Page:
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Financial Sector Deepening 

August 2016 - June 2021



Financial Sector Deepening Kenya (FSD), in partnership with CARE Kenya (CARE), went into the implementation of a pilot graduation project in Laisamis Sub-County, Marsabit County commencing in 2016.


 The overall objective of this BRAC-modelled pilot project is to test the efficacy and sustainability of market-based approaches in building livelihoods of vulnerable and excluded populations. 


In particular, the project hypothesis is that delivering adaptable, market-responsive programs at scale would enable very poor households to engage in new income-generating activities, increasing their cash incomes, and thereby improving livelihood resilience.

The graduation project is targeting existing recipients of the Kenyan government’s Hunger Safety Net Programme (HSNP). Five, sequenced components of support constitute the project package: a consumption stipend, savings facilitation, skills transfer, mentoring and coaching, and asset transfer.  This pack of interventions is delivered by Community Based Facilitators to Savings groups which meet once in a month.  The targeting of HSNP beneficiaries is an important project strategy since it offers a leverage platform for the cash transfers as a consumption stipend. 

The program participants formed savings groups which became avenues for engagement with both financial and nonfinancial markets. Community-based facilitators are providing a channel for  transfer of skills and knowledge.  FSD further went into partnership with Equity Bank, which is providing the capital and financing to program participants for undertaking income generating activities. Some program participants are accessing financing via their own savings groups.  These methods of financing have replaced the traditional delivery of a productive asset  that is typically at the core of the classic BRAC model.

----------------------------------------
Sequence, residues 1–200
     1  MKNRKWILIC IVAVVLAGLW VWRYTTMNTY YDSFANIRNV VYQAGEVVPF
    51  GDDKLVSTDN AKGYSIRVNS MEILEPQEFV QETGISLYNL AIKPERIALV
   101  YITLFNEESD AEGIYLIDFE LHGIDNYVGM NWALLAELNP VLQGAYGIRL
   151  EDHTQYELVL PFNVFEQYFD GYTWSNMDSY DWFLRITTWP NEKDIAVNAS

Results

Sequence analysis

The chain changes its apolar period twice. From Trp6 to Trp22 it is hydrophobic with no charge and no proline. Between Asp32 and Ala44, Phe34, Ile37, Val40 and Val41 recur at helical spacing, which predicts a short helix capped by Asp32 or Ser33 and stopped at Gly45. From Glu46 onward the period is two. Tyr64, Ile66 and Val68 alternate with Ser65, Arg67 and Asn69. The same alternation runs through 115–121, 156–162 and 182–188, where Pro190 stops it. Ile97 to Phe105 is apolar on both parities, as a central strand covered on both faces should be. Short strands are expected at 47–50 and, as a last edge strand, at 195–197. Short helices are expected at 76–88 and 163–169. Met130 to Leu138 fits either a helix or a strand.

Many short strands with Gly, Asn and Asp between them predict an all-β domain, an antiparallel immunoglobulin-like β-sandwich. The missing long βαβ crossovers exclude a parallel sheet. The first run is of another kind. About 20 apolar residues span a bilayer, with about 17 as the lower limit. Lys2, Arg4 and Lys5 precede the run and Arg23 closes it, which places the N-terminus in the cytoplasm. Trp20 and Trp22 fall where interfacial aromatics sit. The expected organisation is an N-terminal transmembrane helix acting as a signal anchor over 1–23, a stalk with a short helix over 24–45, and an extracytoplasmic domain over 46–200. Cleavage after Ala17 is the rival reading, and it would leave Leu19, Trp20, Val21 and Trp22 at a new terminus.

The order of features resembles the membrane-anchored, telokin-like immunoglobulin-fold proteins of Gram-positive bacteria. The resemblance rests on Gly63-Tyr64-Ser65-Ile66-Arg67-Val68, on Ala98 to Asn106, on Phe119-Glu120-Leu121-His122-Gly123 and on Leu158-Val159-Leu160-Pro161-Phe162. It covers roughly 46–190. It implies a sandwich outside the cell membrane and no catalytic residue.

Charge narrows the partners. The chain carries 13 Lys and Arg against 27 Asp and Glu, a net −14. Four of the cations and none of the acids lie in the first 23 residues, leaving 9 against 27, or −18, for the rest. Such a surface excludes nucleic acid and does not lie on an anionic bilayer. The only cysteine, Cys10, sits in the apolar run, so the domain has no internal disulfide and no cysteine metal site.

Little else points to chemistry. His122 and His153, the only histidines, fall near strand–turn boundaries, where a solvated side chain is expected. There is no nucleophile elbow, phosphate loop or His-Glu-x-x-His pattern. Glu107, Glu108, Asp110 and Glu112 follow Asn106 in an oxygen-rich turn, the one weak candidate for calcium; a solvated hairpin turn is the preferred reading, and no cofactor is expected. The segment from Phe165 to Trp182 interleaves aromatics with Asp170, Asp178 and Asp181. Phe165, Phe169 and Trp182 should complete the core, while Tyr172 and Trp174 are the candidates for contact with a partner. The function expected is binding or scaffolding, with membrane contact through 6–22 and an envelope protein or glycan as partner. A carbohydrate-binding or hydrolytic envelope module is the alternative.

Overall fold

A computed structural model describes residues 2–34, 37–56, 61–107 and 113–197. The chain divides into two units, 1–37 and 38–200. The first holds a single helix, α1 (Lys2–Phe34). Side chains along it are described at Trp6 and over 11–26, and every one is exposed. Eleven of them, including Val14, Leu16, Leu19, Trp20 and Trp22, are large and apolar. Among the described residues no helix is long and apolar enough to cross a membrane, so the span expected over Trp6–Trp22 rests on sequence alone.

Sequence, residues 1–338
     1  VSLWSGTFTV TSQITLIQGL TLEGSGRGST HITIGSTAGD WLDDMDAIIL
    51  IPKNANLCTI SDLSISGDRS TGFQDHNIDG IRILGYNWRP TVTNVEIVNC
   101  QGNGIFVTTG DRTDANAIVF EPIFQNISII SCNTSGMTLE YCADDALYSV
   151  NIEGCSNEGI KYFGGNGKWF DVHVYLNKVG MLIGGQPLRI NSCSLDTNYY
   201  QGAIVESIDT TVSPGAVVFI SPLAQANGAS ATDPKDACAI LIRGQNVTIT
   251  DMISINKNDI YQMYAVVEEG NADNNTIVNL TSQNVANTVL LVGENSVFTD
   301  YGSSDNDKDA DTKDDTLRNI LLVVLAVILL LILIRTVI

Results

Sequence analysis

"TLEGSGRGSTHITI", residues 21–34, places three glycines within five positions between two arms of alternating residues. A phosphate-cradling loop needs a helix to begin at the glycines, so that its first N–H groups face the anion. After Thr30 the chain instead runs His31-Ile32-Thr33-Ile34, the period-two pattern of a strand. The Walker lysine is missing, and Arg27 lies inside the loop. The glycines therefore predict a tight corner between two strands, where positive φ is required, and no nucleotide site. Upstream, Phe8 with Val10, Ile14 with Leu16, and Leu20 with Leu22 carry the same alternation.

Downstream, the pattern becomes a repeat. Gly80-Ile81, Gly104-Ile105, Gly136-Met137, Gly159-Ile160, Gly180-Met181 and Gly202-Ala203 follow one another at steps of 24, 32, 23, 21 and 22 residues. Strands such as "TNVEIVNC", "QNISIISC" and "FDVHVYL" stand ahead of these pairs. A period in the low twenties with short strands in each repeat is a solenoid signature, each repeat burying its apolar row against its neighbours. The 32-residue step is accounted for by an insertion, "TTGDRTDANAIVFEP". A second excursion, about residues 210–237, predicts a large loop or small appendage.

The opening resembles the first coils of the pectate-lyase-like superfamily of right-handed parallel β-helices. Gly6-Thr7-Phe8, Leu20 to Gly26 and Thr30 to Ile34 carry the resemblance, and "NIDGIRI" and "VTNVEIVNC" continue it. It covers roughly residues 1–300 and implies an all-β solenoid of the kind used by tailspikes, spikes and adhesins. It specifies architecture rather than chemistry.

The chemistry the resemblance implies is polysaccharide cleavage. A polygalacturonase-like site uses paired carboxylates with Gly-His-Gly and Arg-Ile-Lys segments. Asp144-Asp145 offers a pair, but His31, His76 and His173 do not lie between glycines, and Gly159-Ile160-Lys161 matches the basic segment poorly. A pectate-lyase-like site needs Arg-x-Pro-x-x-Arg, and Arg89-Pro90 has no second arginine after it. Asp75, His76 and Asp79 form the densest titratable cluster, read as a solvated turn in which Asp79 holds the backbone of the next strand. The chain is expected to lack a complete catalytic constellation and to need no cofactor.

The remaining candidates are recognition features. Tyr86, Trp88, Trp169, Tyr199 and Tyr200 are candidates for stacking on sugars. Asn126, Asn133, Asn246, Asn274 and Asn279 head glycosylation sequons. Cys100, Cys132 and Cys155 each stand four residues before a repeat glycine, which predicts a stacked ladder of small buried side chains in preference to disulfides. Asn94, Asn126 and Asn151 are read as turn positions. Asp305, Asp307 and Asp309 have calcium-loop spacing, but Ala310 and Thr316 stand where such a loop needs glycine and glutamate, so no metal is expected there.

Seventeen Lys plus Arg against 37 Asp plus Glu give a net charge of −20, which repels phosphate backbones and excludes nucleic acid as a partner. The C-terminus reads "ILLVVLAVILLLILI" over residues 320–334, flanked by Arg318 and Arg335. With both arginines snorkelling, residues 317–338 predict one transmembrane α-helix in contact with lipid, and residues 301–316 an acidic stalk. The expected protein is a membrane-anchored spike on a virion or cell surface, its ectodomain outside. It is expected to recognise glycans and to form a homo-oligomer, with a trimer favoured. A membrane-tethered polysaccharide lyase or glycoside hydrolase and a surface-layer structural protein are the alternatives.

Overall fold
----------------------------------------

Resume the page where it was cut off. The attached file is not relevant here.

The project has a strong learning agenda driven by both quantitative and qualitative studies. Ended to completion, two studies have been conducted; a quantitative research which used the Individual Household Economy Analysis (IHEA) methodology to measure the extent to which project activities impacted on both household incomes and resilience.


This was done in 2020, while an end line evaluation and associated qualitative research was conducted in late 2019 and concluded that the pilot project had produced positive outcomes on income and resilience, pointing to an opportunity for scale.  



program participants

Project activities are being implemented in six sub-locations of Laisamis Sub-county: Laisamis, Gudas, Loglogo, Korr, Merille and Irrir.



The outbreak of COVID-19 presented an opportunity for the pilot project to test the theory of change, necessitating FSD to extend the learning agenda.


The extension was done in two phases:

 Phase 1:   included the modelling of external shocks (the 2020 locust plague and COVID-19) and their implication on household resilience.


 Phase 2:  included the impact assessment geared towards quantifying impact of the interventions by comparing beneficiary and non-beneficiary households, hence enabling an estimation of attribution and sustainability of achievements.


For beneficiaries who completed the pilot model, results from end-line and impact study demonstrated that, they had experienced a significant positive difference in income growth


 Program Manager:  Bernard Muthiani Mbithi



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